We spent a lot of time finessing the transitions from one timeline/time "slippage" to another. Should they be abrupt, leaving the user confused? Should there be some audio leading the visual transition? Most of the time I wanted the transitions to be abrupt, so you would feel as disoriented as the main character. Dan sometimes suggested softening the transition a bit, to keep the viewer from feeling completely pulled out of the story. Often we were able to find a good compromise.
Early on in post, Dan, Quentin Chiappetta - the sound designer and composer - and I talked about music and sound design. Sound design is very important in every movie, but especially so here, since it can further serve to "build" a sci-fi world. I was interested in putting in Middle Eastern/Moroccan oud music, because I love the bluesy feeling it evokes, and how uncanny it sounds in a New York City context. Dan had worked on an Egyptian soap opera, so he laid down some temp tracks. We found that it sort-of worked but didn't really draw the viewer into the story.
Quentin has very eclectic tastes, and felt that by incorporating elements from other musical paradigms, he could create a score that would still sound a bit unworldly but warmer. Using our discussions and temp tracks as a jumping-off point, Quentin crafted something really terrific and original - but also restrained (there are many scenes in the film that have no score). He also came up with a really great sound design, that shaped the world and got us into the main character's head a bit more.
ARTHUR: The smartest thing I did during production was hire good people who I could trust and collaborate with. Most of the crew were folks I'd known for years. I also spent a lot of time in prep - months, part time - putting together the script analysis, the crew, the props, the locations, the cast (big shout-out to Kat Hinchey, the casting director). If you spend the time in prep, the shoot will go more smoothly, and you'll still have plenty of room for experimentation.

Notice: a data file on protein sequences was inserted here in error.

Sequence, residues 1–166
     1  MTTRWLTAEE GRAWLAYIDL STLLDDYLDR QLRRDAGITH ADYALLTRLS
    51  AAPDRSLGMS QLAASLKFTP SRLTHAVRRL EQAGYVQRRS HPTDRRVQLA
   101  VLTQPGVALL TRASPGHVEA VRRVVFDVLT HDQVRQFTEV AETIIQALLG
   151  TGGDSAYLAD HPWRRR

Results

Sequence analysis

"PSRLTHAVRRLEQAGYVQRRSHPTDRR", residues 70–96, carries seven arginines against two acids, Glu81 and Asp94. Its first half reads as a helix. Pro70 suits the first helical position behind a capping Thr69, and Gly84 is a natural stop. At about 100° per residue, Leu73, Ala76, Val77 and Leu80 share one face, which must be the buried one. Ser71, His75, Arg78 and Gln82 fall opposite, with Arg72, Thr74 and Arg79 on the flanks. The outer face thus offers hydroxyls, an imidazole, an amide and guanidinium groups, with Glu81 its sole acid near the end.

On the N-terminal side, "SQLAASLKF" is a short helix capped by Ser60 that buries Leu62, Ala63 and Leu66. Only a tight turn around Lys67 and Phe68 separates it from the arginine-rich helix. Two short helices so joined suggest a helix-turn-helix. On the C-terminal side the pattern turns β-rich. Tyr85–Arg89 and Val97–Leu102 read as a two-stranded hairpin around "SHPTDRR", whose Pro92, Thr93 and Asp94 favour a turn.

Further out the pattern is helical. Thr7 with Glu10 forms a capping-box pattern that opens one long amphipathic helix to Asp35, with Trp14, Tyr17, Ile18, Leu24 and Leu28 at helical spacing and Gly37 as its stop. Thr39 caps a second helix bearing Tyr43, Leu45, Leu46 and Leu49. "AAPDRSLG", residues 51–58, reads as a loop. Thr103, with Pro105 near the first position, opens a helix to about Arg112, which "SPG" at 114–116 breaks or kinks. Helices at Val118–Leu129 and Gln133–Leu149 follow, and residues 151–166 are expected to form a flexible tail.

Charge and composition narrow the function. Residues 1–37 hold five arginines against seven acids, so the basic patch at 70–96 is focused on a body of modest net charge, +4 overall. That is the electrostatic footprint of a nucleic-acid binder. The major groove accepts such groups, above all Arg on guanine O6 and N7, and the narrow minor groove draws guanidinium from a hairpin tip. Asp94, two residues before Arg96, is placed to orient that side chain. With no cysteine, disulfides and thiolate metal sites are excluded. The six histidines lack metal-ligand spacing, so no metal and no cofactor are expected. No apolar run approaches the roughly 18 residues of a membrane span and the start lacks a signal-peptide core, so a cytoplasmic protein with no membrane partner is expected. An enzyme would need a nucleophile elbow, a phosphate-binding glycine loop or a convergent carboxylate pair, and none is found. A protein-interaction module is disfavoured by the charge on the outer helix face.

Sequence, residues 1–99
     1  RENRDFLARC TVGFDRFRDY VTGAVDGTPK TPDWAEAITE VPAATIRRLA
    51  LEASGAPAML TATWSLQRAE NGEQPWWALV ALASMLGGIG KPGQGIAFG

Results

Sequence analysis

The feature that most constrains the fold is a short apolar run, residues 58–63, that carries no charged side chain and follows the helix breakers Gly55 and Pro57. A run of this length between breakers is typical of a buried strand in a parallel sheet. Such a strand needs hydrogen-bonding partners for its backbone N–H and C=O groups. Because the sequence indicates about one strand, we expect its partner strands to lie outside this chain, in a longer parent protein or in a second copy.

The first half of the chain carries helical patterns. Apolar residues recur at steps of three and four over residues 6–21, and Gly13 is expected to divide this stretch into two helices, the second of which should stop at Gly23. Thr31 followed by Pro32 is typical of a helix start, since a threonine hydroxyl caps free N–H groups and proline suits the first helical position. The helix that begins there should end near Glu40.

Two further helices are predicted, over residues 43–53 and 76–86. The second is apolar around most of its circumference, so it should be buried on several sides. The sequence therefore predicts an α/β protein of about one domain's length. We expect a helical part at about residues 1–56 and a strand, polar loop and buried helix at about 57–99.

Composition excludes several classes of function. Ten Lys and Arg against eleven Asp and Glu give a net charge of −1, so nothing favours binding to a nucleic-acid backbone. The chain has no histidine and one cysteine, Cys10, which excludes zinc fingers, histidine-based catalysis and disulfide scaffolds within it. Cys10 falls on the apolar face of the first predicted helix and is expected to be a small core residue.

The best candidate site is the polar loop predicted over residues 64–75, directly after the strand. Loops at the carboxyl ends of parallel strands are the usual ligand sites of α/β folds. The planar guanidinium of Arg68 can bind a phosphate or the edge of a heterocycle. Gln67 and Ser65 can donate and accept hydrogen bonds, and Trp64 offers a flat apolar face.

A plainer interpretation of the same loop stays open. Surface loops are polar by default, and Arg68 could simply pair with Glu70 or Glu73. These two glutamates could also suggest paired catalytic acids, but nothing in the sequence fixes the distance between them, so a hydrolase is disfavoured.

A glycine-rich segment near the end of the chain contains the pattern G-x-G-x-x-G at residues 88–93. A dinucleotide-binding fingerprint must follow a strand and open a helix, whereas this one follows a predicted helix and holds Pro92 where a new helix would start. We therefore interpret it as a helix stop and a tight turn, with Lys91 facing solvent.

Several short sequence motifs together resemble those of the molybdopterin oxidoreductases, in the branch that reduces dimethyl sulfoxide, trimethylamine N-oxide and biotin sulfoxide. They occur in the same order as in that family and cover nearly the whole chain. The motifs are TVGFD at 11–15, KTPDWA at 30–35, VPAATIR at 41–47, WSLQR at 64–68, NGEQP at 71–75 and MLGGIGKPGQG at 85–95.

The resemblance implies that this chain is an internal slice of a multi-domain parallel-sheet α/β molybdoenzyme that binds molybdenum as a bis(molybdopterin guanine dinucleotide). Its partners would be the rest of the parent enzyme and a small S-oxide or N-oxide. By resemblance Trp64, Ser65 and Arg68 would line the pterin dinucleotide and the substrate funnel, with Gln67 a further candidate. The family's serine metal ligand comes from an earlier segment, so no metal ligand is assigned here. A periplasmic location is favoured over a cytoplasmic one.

The dumbest thing I did during production was overschedule two of my days - the only two we went into overtime on. The entire shoot was 13 days. So it was critical to balance each day so I didn't run everyone ragged or start having to chop stuff out. Stunts just take a long time to deal with, and we had two major stunt sequences in the film (all of the stabbings by the tree, and the chase scene outside of the Mine). In both cases, we went into OT and had to scrap some setups just to make our day. I probably should have added one more day to the schedule.
Runner-up: leaving my cellphone in the equipment van while going to pick up the keys for one of the locations. Somebody broke into the van and stole the phone. Fortunately, they left everything else, but it caused some logistical problems and cost money I wasn't counting on spending.
ARTHUR: I really like working with small crews. Our average crew size was 7-12 people (DP, Gaffer, Mixer, Boom, Costume Designer, HMU, and 1-4 PAs). We were able to improvise and adapt very quickly to changes in weather, location, and blocking. It's a bit of a challenge - everyone has to do more work - but I think it's worth it. And everyone feels a little more personally involved in the film, as opposed to being part of this big machine.
I learned a lot about working with actors, namely that there's always more to learn. Which is a wonderful thing, really. Directing actors demands that you work in a process-oriented way, as opposed to a result-oriented way. And also know when to stop talking. Those are two things I can always get better at.